But an EDS diagnosis also means mistreatment, misunderstandings, and an incredible dearth of knowledge about your condition. It still means disbelief in the patient’s lived experience of illness. I have learned this through experience as a patient, but also as a student in medical education, receiving advice to “always default to suspicion with patients who claim to have EDS” from colleagues or supervisors who don’t know my medical diagnoses. Bias, lack of knowledge, and unwillingness to learn are institutional betrayals too.

I want so badly to be a scientist about this. I want to know the reasons why I’m having a good day, or why my body is in a flare-up, but this isn’t a realistic expectation for a body with such complex needs. I’ve found that living with a dynamic disability requires an almost-inhuman flexibility and uncertainty. Rarely do I know why I have a migraine one day, or why my joints hurt so badly on certain days. I can make speculations, of course. My joints probably hurt so much today because I was at the hospital for 14 hours yesterday. Or, maybe 75 ounces of water yesterday wasn’t enough, and that’s why I’m so lightheaded this morning. Caring for a body like mine is not an exact science. It’s discombobulating and overwhelming. There’s so much I want to control. And it becomes easy to see oneself through the same lens I’ve witnessed doctors use countless times in exam rooms, as a patient and a student: as anxious, neurotic, nervous, or “too much” just for striving to understand their symptoms and their bodies that are behaving in ways they can’t seem to control.

I can still see my pediatrician rolling her eyes when I came in to see her with yet another vague complaint. It was the annoyance in her voice that led me to avoid seeking the care I needed as I grew, time after time. I learned the hard way that coming into an appointment with a list of problems makes the doctor assume you’re a hypochondriac.

I walked on a grade 3 ankle sprain for months before I got it treated. I know how important it is to get care when I need it, but I lived far away, had no transportation, and knew that I’d be misgendered when I got there. Plus, I was used to pain like this- it wasn’t so bad. My ankle has never been the same since.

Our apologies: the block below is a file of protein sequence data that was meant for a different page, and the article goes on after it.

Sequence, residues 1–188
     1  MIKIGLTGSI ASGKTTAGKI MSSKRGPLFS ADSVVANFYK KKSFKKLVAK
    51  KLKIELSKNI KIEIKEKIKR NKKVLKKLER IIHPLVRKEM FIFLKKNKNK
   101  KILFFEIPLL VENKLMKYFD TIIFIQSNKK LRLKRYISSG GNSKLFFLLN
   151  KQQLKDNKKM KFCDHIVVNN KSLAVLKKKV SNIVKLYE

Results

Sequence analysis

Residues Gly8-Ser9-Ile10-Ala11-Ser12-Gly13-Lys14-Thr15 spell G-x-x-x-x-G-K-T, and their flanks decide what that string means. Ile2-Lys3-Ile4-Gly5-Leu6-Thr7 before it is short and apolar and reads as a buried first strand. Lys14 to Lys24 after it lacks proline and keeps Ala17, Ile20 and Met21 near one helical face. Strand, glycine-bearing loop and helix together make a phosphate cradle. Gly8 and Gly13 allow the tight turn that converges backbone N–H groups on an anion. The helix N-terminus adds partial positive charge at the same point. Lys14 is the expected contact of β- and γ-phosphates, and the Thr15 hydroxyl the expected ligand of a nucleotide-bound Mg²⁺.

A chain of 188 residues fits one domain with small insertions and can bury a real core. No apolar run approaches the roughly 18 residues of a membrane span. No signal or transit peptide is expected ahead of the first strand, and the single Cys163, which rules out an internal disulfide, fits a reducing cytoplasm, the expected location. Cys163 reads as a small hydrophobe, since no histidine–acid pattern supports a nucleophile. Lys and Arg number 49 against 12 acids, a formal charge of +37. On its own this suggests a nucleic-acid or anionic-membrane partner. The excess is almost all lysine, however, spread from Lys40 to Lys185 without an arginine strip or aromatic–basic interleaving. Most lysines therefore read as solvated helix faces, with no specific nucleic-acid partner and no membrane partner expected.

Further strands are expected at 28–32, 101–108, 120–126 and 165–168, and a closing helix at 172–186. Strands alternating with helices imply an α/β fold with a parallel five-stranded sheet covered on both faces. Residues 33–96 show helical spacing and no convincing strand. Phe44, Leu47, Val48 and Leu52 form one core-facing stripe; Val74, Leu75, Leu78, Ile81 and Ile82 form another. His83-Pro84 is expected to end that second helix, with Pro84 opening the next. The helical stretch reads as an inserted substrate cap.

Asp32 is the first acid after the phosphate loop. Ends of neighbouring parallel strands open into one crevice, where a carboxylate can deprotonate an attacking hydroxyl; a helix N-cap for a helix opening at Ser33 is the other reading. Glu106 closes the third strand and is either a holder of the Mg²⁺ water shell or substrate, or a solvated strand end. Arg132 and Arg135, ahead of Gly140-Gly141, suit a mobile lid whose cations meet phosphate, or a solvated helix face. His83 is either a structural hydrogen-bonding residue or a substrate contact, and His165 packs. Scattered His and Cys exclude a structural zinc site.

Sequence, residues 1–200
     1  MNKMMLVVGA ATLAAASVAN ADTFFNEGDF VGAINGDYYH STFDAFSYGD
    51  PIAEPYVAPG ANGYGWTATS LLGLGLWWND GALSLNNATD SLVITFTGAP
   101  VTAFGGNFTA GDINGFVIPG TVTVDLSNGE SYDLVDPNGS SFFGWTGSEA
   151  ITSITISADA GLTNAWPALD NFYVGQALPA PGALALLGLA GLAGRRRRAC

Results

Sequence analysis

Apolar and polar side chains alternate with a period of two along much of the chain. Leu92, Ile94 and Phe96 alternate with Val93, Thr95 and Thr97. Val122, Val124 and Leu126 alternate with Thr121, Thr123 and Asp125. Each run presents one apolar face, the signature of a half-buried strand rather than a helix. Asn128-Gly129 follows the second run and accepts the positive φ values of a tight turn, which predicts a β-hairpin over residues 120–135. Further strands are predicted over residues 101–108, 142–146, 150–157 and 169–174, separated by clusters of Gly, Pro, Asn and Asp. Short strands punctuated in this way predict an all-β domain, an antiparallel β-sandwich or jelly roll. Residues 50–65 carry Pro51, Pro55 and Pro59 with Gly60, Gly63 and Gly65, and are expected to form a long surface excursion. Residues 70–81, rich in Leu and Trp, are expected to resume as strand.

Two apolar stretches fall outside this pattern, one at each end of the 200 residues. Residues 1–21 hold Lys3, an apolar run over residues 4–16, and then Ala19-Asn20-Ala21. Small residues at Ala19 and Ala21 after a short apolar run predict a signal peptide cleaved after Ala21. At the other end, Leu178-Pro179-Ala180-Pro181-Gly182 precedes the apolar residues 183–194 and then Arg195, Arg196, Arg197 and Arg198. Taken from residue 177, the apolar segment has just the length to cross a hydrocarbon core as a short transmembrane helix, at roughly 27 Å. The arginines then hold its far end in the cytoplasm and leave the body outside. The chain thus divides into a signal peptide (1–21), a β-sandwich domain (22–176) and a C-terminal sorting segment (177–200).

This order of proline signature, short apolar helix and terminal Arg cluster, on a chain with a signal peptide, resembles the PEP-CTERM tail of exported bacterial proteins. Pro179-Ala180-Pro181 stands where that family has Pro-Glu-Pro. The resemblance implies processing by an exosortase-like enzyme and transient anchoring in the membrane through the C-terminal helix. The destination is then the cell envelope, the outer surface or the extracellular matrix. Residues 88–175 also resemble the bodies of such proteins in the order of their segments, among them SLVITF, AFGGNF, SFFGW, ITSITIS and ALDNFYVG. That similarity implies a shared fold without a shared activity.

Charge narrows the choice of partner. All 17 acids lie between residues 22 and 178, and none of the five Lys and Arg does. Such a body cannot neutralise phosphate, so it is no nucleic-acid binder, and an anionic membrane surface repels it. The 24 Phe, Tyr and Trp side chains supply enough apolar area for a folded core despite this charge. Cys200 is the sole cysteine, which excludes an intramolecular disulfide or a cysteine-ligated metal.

I trekked up Arthur’s Seat, an extinct volcano in Edinburgh, with a slipped disc in my back that happened when I shrugged my backpack on. I now have scoliosis and chronic pain in my back from this injury that I simply dismissed for years.

If only I had known sooner, maybe I could have been more careful. Maybe I would have sought out help sooner if I had known I had to be gentler with my body than the average person.

I hear my alarm go off and I roll over. What day is it again? Wednesday. Ugh.

I open my eyes and pain shoots through them. Oh no. Migraine? I move my eyes side to side, up and down, as if I were performing an extraocular muscle exam on myself. My eyes ache as I move them, and the light streaming through my window feels like it pierces my brain. Migraine. I reach for my medication and, without thinking, swing my legs over the side of the bed and sit up. Oh no. My vision goes black and—knowing that I’m at risk of fainting forwards—I let my top half crumple backward onto the bed.

My alarm goes off again as I come to. Shit. How long have I been out? Am I late? I dry swallow the pill still sitting in my palm and scoot sideways on my back to grab my compression gear. I pull it on frantically, eyes still closed in an effort to avoid more pain. Hopefully, this medication kicks in before I need to drive to clinic.

I shake my pounding head to rid it of the voice that’s urging me, be gentle with yourself, as I rush out the door to the hospital. I can’t afford to do that right now, I reply. Late is unprofessional. I can’t be good to my body right now; I need to be a medical student instead. 

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About the Author

Emerson Wheeler is an MD-MPH student at the University of Vermont’s Larner College of Medicine and the Accessibility Coordinator for the Medical Student Pride Alliance. In addition to writing about his experiences, Emerson has published photography and art in Wrongdoing Magazine, the winnow, the RROMP, and My Dearest Friends Project. As a multiply-disabled person, Emerson provides advice, training, and workshops to organizations interested in radical access and inclusion. Intersectionality, disability justice, health equity, and interdependence are central to everything Emerson does. Emerson lives in Vermont with his partner and spends days mushroom-hunting with their camera, reading all sorts of books, and playing with their puppy, Pumpernickel.